Sections 501.15(D)(3) and 501.15(E)(2) were based on a product that was proposed, but not marketed; i.e., “gas-blocked” cable. Basically, cable manufacturers don’t want to make what UL wants to test. The concept is still valid, but no one certifies it.
That said, in order to treat the multiconductor cable as a single conductor at the boundary, the installation you described would be an application of 501.15(D)(2), Exception. BTW, if the cable has "a gas/vaportight continuous sheath", only the end of the cable actually in the Division 1, location is required to be sealed. Check the UL "White Book" for cables that meet that criterion.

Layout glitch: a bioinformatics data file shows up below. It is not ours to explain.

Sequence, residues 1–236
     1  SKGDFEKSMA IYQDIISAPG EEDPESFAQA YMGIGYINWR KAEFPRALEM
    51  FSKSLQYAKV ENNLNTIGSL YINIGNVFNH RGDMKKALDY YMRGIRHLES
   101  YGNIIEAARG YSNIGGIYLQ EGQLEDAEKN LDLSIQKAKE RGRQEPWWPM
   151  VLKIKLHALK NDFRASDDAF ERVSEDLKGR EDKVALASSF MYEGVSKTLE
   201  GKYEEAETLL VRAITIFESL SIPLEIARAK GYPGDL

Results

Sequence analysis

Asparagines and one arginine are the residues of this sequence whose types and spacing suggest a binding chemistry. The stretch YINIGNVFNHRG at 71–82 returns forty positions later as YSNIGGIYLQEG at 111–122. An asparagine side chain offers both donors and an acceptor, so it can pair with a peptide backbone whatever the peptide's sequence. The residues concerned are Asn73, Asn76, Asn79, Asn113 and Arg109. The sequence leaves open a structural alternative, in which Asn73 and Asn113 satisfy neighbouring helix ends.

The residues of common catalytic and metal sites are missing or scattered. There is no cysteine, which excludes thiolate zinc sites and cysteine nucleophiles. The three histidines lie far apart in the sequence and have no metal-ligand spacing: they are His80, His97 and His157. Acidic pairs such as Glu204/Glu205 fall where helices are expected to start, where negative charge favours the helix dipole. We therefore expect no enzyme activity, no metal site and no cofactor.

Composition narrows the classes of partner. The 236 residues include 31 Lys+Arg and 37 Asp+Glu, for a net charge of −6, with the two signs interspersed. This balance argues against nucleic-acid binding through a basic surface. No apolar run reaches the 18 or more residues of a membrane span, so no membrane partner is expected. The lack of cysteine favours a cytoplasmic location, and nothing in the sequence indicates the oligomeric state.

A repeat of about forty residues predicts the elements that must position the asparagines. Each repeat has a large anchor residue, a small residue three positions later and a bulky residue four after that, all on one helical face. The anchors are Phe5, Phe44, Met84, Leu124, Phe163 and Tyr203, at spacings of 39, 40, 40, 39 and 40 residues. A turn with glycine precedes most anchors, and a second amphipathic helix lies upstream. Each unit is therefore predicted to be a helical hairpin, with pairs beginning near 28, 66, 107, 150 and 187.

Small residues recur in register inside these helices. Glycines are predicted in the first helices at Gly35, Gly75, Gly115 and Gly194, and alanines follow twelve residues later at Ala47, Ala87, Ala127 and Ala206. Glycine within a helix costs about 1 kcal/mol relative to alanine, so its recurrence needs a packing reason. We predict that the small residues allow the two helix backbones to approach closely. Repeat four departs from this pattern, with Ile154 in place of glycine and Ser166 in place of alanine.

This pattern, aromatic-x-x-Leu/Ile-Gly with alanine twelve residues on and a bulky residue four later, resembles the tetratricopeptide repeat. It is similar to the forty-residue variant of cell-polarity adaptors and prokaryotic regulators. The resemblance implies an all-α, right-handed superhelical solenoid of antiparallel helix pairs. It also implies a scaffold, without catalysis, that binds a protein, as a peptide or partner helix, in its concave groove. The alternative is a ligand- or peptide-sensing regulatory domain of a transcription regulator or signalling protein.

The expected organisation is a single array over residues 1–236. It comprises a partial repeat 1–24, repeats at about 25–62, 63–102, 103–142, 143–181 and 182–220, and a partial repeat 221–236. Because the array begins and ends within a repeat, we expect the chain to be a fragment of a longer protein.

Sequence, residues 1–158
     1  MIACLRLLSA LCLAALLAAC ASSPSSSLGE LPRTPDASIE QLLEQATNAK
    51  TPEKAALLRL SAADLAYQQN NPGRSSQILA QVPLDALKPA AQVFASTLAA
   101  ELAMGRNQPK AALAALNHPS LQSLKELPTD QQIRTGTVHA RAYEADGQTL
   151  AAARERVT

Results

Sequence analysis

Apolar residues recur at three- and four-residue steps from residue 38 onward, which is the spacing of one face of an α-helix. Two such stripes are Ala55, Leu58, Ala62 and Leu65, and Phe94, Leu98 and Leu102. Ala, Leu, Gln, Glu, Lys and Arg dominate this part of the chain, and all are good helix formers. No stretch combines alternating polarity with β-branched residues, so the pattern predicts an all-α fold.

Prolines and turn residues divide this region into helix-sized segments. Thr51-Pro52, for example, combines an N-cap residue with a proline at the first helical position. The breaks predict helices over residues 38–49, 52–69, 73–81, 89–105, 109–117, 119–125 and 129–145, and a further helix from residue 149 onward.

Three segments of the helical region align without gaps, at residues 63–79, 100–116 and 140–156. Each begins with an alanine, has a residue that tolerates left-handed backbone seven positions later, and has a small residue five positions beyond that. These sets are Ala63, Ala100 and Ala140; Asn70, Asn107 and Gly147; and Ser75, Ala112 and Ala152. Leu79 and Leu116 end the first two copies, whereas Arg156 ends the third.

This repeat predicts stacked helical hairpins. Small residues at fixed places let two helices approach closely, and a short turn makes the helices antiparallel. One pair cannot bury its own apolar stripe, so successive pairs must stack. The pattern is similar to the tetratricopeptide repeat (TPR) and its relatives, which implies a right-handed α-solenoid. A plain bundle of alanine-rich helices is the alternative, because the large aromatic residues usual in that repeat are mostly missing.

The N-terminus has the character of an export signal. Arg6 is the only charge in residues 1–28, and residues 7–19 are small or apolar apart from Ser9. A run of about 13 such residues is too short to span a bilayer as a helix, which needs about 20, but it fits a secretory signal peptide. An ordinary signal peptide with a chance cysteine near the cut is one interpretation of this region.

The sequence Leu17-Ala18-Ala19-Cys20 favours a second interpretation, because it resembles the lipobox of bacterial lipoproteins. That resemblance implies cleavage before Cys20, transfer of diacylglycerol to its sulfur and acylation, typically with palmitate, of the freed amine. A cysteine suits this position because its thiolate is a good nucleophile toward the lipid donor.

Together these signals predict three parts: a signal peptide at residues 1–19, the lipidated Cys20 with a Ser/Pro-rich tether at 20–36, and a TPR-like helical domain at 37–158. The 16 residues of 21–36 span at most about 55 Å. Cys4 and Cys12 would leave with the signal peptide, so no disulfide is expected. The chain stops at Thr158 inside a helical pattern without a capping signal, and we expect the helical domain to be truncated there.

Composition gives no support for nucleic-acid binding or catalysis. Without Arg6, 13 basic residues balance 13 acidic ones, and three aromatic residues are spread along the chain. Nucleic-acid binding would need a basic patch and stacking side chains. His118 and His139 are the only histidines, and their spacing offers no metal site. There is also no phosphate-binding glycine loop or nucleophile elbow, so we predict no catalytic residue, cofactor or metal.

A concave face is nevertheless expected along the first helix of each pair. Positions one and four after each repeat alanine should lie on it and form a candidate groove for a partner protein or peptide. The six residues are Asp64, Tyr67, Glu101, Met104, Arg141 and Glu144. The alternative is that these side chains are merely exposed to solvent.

Robert B. Alexander, P.E.
"I know that you believe you understand what you think the NEC says, but I am not sure you realize that what you read is not what it means." (Corollary to Charlie's Rule)